A second major challenge is the 1.2 kilometre long Line of Force, a future high-density, high impact building planned over the Aurodam canyon. Here the PG pointed to two problems. The first is that Aurodam is a major watershed area which not only benefits Auroville but also several villages ‘downstream'. Two-thirds of the water that feeds the Irumbai lake and surrounding areas comes from the Aurodam canyon. Auroville needs to exert extreme caution in managing this shared watershed.

The second is the vicinity of the village of Edayanchavady . “If high density comes into contact with lower economic levels, slum development is the natural result. This can be seen in many cities in India . Auroville cannot allow a rich ‘spiritual' society to develop alongside an impoverished typical Indian slum area,” stated Suhasini.

Lastly, the PG mentioned that the existing panchayat roads, which border about 1/3rd of the city area, have not been taken into account by the makers of the Master Plan. “Is it realistic that Auroville duplicate roads to control the users or should we simply adapt the Master Plan taking into account existing roads?” asked the PG.


Possible solutions for the zones

The PG proposed some interesting solutions.

One was to expand the Industrial Zone so as to fully include the villages of Kottakarai and Bharatipuram. This would result in a mixed land use of the Industrial Zone, with interspersed industrial and residential areas. The Industrial Zone would thus also contribute to a healthy development and a controlled growth of the villages. Instead of looking at the villages as an impediment, they would be integrated in Auroville's development.

The modified  zone locations as per the proposals of the Planning Group.

A second proposal was to include the parks north and south of the International Zone within that Zone and expand the Zone to include the Aurodam area. This proposal would solve the problems connected with the Line of Force, as the International Zone is planned as a low-rise, low impact zone. The parks, instead of being only buffers that separate one zone from the other, could be used as green spaces connected to the national pavilions.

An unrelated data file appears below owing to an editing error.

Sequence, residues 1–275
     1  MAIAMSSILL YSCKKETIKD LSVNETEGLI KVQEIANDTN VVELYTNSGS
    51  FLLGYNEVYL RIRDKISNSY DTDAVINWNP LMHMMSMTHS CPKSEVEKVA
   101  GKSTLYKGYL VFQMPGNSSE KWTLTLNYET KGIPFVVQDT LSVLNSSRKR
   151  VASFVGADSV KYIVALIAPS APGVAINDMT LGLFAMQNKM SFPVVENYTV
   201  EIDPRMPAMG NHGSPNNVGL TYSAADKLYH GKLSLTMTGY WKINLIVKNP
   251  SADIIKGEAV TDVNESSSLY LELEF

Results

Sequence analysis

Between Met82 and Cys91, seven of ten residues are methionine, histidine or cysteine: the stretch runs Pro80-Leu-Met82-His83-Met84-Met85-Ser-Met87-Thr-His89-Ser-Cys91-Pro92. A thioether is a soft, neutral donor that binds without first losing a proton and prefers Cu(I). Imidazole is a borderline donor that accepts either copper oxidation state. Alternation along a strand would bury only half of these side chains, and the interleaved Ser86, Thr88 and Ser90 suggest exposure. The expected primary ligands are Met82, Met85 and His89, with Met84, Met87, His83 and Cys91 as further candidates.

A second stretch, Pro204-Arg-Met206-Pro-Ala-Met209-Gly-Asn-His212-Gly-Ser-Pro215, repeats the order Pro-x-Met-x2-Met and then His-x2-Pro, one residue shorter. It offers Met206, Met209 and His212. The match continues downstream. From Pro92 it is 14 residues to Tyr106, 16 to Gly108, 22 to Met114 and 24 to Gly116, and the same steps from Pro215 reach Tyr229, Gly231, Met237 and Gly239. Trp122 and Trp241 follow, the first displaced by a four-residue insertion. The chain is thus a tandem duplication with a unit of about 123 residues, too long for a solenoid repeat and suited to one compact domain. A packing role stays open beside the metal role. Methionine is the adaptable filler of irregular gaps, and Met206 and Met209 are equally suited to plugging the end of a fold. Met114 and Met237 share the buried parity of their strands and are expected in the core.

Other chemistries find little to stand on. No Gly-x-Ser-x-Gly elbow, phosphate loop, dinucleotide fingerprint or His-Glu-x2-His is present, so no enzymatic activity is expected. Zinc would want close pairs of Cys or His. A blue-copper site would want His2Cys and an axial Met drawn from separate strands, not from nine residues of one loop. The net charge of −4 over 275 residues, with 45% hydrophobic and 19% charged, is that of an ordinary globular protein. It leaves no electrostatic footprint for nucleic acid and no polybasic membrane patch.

But what about the Residential Zone? The proposals from the PG would diminish its size. “We believe that by reworking the density patterns of the residential zone and by moving part of the population to the residential areas of the Industrial Zone, the target population of 50,000 people can achieved,” said Suhasini.


Future road patterns

Regarding the outer ring road, the PG proposed to make use of the panchayat road as the outer ring road wherever it exists. If possible, this road could be moved southwards below the Botanical Garden to prevent it separating the city from the green belt. The nature and routing of the outer ring road on the other side of the city requires further study.
The traffic situation in and around Auroville, with the creation of the Edayanchavadi - KootRoad bypass.

Inside the city, the PG proposed that radial roads, the links between the Crown and the outer ring road, should only be created when required according to density and land usage patterns, and not be fixed at 12 as specified in the Master Plan.

Regarding access to the city, the PG suggested that the planned access roads be restudied. “We do not see how Auroville can convince the authorities to cancel the existing panchayat road, so we might as well make optimum use of it,” stated Suhasini. The PG also proposed that the routing of the future railway line north of Pondicherry airport be closely studied, for a road is planned to run next to it which may offer access to Auroville's International and Residential Zones. Lastly, the PG observed that a few cycle and pedestrian tracks should be built from within the city to the beach, as well as around the Matrimandir.

“What we are offering are impressions at this moment,” concluded Suhasini on behalf of the team. “Much has to be studied, but before starting any further work, we need to know if these ideas are acceptable. To whom can we propose changes and amendments to the Master Plan, and who is the final authority?” The questions kept hanging in the air while Luigi from Auroville's Future announced that he would make a presentation on the same topic one week later.